Lots of real life stuff going on as Northwestern's academic term ends, so blog entries may continue to be boring. We've got important people coming to review how we used our research funds and hold lots of meetings and conference presentations, so Ken's got long hours in the lab right now, trying to put together things we can show them and things our advisor can say. I'm at the very edge of all this activity, as the experiment I've been working on is not funded by these people and is therefore on hold until after all this is over. But I've been given a few assignments, making parts of a poster about our project as a part of the general "isn't our lab impressive?" push. And, of course, there's a dozen papers I'm supposed to read... And one more thing to write, for my quantum optics class. I just finished homework and grading. So now I should work on the talk I'm supposed to give.
Also booking things for the wedding, and then the trip to Europe. I can officially announce the wedding date as July 11. Small, immediate family service at the Garden of the Gods in Colorado Springs. I am in process of picking out poetry. Ken's letting me hog the fun on that. Meanwhile, if anybody knows any train-accessible, internet-bookable campsites in the Loire valley for less than thirty Euros a night, please let me know. That's the last reservation we have to make.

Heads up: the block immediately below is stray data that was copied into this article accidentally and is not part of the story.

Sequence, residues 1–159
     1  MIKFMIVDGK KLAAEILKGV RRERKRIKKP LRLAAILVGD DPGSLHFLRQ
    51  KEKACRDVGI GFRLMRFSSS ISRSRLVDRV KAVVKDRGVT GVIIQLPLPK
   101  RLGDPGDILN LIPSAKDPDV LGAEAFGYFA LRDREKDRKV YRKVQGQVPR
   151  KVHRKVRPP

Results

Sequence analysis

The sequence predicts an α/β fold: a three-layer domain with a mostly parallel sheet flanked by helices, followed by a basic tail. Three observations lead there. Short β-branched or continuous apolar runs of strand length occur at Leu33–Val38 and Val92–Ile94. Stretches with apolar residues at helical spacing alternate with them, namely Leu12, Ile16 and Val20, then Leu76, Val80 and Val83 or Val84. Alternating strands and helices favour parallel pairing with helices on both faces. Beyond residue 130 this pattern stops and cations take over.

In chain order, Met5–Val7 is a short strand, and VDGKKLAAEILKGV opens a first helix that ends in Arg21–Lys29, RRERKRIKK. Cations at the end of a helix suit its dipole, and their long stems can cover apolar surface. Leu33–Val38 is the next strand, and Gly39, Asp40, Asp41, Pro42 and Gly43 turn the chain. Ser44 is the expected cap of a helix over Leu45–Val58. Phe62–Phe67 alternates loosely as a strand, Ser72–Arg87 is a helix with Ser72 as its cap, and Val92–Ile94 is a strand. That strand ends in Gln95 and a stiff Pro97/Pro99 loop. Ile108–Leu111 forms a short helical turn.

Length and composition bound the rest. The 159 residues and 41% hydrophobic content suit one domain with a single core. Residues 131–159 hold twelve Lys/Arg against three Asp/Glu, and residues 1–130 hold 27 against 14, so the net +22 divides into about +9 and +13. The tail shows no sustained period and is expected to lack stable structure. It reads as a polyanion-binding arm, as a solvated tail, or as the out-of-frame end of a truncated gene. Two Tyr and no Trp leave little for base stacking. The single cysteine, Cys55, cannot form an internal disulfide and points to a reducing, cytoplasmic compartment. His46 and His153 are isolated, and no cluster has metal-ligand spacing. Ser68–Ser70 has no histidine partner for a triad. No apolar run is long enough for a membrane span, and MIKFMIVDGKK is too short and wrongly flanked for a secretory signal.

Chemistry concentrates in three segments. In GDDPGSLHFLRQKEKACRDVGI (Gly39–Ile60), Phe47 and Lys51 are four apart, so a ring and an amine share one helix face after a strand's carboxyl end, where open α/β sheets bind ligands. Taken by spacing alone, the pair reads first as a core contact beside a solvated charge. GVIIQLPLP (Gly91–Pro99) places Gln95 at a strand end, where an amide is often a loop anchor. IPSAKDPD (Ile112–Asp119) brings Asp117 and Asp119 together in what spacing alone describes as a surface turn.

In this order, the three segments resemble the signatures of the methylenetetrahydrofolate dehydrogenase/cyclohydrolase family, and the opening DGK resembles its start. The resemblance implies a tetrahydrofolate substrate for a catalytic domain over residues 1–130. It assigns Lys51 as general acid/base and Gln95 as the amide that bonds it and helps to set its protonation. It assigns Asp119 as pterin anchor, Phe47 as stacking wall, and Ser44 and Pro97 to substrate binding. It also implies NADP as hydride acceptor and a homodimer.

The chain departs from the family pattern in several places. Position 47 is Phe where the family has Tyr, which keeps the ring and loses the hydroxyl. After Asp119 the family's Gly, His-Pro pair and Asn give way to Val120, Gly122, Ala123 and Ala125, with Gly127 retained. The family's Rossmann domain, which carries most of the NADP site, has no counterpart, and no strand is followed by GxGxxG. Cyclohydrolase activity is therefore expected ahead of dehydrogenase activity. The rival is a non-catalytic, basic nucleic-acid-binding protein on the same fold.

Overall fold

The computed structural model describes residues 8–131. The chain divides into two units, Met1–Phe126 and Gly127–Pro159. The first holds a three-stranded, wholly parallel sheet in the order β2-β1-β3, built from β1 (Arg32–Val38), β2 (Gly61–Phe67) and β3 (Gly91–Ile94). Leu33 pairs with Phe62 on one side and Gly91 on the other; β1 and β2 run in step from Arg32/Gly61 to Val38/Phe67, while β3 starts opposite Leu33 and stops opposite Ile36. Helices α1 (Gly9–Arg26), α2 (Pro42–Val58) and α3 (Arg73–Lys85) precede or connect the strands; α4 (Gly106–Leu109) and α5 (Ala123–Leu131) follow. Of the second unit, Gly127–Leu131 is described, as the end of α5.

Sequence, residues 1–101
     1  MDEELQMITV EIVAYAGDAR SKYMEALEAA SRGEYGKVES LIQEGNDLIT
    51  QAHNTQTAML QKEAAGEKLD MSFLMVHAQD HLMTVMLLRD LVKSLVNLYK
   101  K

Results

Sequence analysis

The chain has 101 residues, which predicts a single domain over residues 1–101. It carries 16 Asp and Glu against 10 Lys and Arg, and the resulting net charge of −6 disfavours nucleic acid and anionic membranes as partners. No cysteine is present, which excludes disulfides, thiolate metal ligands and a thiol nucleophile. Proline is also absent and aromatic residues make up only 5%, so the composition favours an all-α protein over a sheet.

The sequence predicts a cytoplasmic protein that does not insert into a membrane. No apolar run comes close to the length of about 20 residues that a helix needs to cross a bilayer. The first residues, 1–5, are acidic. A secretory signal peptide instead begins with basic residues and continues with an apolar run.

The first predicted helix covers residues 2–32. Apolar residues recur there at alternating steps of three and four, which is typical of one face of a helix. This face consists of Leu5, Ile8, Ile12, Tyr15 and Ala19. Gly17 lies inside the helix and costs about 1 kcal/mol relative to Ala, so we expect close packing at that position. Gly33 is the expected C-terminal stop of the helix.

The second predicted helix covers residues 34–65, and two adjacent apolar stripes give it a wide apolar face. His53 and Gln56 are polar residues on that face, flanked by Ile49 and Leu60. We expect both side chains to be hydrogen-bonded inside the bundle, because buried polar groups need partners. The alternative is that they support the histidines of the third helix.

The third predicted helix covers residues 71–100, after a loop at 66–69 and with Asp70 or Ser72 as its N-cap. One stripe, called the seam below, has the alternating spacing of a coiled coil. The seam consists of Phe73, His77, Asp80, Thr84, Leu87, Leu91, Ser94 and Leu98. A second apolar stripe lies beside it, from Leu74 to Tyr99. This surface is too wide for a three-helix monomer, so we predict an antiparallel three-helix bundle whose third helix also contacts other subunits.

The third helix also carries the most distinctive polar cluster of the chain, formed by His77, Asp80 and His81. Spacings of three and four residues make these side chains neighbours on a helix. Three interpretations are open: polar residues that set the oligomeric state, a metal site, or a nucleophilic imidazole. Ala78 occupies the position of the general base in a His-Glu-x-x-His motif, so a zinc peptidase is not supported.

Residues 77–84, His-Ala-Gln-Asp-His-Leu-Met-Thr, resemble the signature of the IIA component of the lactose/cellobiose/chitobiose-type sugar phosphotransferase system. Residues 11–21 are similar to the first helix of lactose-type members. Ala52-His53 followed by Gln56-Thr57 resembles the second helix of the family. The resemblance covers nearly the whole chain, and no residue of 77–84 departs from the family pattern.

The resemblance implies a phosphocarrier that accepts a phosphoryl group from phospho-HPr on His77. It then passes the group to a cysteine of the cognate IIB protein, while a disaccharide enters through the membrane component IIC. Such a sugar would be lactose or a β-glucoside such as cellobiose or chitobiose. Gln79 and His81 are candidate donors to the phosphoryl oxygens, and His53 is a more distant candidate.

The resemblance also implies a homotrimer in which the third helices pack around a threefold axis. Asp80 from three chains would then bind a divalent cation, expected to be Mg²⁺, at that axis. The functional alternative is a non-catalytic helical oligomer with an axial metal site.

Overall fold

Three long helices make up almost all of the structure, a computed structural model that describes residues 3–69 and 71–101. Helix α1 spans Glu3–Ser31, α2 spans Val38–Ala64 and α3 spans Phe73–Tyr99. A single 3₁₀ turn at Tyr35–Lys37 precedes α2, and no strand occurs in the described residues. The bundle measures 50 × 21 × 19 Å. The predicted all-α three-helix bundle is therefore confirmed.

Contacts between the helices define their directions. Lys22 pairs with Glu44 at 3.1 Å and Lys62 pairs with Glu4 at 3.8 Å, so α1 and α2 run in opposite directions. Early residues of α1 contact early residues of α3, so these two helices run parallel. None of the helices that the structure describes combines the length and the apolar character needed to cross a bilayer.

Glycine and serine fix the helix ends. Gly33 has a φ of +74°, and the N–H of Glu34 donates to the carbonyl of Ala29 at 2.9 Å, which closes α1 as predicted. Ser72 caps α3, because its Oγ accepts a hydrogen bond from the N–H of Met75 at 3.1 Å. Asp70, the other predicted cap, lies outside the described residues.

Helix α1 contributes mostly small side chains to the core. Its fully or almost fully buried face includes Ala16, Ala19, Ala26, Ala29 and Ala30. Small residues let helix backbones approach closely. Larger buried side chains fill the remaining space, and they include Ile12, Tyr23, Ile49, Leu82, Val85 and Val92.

It's nice that we've bought all this camping gear now, because, as those who know me will know, I confidently expect the apocalypse any day now. Civilization seems very fragile to me. Now, when it happens, we've got shelter and beds and huge backpacks we can live out of. We are both assured by two quizilla quizzes (this one and two) that we stand an excellent chance of surviving. Especially if the threat comes from zombies. Don't laugh, the government considers zombie threats to be terrorism. Good thing Ken's seen every zombie movie ever made, and now we have this book.
Remember -- you have to destroy the brain.